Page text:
1. Clone the repository (you may skip this if you have downloaded an archive of the source code to build a specific official release of Traffic Server instead of the HEAD from source control):

    git clone
  2. Change to the cloned (or unarchived) directory:

    cd trafficserver/
  3. If you have cloned the repository from Git, you will need to generate the configure script before proceeding:

    autoreconf -if
  4. Configure the source tree:

    ./configure --prefix=/opt/ts
  5. Build Traffic Server with the generated Makefiles, and test the results:

    make check
  6. Install Traffic Server to the configured location:

    sudo make install
  7. Optionally, you may find it prudent to run the regression tests on your newly installed Traffic Server:

    cd /opt/ts
    sudo bin/traffic_server -R 1


We will be tackling two separate configuration scenarios in the following sections. The first is the most common application of a performance-enhancing caching proxy for externally-facing websites, a transparent and caching reverse proxy which forwards all requests presented to it to a single origin address and caches the responses based on their cache control headers (as well as some simple heuristics for specific content types when cache control headers are not present).

The second configuration we will review is a very basic transparent forward proxy, typically used in situations where you either need to improve the performance of a local network’s use of external resources, or you wish to have the capability of monitoring or filtering the traffic.

Configuring A Reverse Proxy

A minimal reverse proxy configuration requires changes to only a few configuration files, which will all be located in the /opt/ts/etc/trafficserver directory if you have configured your installation per the instructions in Installing From Source Code above.

For these examples, we will be assuming that Traffic Server is running on the same host machine as the origin website. This is not a requirement, and you may choose to run Traffic Server on an entirely different host, even connected to entirely different networks, as long as Traffic Server is able to reach the origin host.

Enable Reverse Proxying

Within the records.config configuration file, ensure that the following settings have been configured as shown below:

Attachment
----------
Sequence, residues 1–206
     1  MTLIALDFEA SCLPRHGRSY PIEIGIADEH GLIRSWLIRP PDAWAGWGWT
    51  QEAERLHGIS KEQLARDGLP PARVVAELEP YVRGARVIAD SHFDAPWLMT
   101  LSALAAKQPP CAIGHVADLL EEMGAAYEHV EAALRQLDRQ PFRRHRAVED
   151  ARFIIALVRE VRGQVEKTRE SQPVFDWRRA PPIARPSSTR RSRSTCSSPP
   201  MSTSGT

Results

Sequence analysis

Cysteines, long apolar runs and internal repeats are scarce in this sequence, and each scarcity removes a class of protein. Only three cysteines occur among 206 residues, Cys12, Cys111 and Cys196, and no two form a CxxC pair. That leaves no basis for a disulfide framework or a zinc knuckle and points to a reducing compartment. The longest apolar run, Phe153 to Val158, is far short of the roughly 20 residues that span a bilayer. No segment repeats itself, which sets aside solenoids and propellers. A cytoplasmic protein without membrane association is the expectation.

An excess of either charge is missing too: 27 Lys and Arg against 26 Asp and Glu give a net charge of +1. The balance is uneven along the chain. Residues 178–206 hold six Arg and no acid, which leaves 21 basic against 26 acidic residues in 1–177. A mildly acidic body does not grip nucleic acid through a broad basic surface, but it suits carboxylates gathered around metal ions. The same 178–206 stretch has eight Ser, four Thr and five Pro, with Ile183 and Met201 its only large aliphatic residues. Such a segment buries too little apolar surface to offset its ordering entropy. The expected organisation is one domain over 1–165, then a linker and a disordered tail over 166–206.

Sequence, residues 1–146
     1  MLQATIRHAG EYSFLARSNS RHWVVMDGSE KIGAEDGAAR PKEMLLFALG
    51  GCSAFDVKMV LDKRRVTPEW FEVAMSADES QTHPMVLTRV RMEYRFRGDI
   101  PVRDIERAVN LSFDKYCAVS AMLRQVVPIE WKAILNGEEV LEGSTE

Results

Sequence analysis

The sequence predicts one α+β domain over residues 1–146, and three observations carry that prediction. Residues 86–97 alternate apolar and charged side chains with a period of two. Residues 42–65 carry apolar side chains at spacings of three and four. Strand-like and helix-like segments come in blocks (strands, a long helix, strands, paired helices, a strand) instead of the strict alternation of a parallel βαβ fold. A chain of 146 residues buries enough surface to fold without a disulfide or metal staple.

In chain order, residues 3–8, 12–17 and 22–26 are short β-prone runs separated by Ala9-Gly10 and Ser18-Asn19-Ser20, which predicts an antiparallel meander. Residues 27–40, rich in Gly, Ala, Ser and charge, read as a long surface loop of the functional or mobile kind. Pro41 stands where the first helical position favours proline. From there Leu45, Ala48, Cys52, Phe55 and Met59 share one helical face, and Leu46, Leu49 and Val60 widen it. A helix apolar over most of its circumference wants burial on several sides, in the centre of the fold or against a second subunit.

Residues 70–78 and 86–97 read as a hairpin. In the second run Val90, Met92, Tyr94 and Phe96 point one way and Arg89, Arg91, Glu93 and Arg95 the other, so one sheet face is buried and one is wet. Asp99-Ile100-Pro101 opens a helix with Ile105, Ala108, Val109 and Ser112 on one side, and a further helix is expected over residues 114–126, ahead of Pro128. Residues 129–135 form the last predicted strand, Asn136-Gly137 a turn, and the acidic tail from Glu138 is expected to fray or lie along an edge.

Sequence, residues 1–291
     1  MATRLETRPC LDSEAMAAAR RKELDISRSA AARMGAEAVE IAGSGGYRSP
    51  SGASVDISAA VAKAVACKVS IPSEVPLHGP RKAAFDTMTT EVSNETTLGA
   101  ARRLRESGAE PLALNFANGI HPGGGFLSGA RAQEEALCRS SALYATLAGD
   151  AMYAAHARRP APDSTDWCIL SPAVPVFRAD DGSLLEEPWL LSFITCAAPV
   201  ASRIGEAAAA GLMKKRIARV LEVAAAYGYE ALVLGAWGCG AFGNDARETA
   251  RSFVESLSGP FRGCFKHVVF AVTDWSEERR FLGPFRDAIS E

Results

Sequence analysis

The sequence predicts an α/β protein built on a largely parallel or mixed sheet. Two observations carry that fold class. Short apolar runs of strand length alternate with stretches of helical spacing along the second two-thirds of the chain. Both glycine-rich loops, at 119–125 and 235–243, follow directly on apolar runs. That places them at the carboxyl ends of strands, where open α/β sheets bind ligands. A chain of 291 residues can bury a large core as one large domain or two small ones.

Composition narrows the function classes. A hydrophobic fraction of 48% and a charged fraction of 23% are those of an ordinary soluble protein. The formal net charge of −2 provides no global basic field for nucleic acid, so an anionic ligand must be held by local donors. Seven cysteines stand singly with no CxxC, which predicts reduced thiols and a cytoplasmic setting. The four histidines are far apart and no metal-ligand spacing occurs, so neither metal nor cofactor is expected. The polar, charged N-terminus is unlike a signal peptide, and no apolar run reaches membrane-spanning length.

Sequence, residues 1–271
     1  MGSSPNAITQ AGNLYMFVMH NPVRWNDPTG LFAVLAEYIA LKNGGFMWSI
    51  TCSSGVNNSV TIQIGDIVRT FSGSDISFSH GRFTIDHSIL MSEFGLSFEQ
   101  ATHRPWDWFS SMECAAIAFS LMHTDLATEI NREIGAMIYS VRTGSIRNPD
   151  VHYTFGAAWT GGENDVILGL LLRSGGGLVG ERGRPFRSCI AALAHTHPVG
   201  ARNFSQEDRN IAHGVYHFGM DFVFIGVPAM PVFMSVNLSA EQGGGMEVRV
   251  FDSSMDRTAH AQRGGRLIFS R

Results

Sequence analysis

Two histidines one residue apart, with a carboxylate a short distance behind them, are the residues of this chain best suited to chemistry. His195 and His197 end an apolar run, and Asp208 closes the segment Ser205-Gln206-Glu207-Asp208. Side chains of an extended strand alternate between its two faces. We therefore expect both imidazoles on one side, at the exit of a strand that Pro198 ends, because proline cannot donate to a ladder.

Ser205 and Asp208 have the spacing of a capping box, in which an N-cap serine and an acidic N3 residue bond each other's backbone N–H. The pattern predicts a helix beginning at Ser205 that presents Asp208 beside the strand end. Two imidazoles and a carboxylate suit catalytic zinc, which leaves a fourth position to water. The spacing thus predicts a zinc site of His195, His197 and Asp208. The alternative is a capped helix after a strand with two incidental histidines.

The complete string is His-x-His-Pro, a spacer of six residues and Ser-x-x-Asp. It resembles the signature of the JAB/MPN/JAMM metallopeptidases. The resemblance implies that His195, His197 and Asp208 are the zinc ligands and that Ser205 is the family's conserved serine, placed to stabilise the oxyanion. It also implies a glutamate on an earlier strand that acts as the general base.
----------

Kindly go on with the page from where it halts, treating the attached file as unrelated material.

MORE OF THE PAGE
CONFIG proxy.config.http.cache.http INT 1
CONFIG proxy.config.reverse_proxy.enabled INT 1
CONFIG proxy.config.url_remap.remap_required INT 1
CONFIG proxy.config.url_remap.pristine_host_hdr INT 1
CONFIG proxy.config.http.server_ports STRING 8080 8080:ipv6
Enables caching of proxied HTTP requests.
Enables reverse proxying support.
This setting requires that a remap rule exist before Traffic Server will proxy the request and ensures that your proxy cannot be used to access the content of arbitrary websites (allowing someone of malicious intent to potentially mask their identity to an unknowning third party).
This setting causes Traffic Server to keep the Host: client request header intact which is necessary in cases where your origin servers may be performing domain-based virtual hosting, or taking other actions dependent upon the contents of that header.
This configures Traffic Server to bind itself to the port 8080 for HTTP traffic, for both IPv4 and IPv6.

Configure Origin Location

The previous settings enable reverse proxying (and prevent flagrant abuse of it), but now Traffic Server needs to know what to proxy. This is achieved by writing remap rules, which make use of the core Configuration Remap Plugin. For our Getting Started guide’s Acme Widgets example scenario, we have very simple needs and want little more than to proxy all requests to our single origin server. This is accomplished with the following rule added to the remap.config configuration:

regex_map http://(.*)/ http://localhost:80/

It is worth pausing at this point to note that in a reverse proxying scenario, it is Traffic Server itself which should be responding to HTTP requests made to your public domain. While you first configure and evaluate whether Traffic Server will meet your needs, your origin server will continue to reside at the public-facing domain name on the default ports, should you move your Traffic Server configuration into production your DNS records for the domain(s) you wish to proxy and cache should resolve to the host(s) running Traffic Server (in the event that you run it on a separate host from your origin). Your origin should be accessible at a different address (or bind to different ports if you are running both your origin service and Traffic Server on the same host) and should no longer receive requests sent to the primary domain on its default ports.

In our Acme Widgets scenario, they ultimately decide to deploy Traffic Server at which point, since they are running both Traffic Server and their origin web server on the same host, they reconfigure their origin service to listen on port 8080 instead of the default, and change Traffic Server to bind to 80 itself. Updating the remap is thus required, and it should now be:

regex_map http://(.*)/ http://localhost:8080/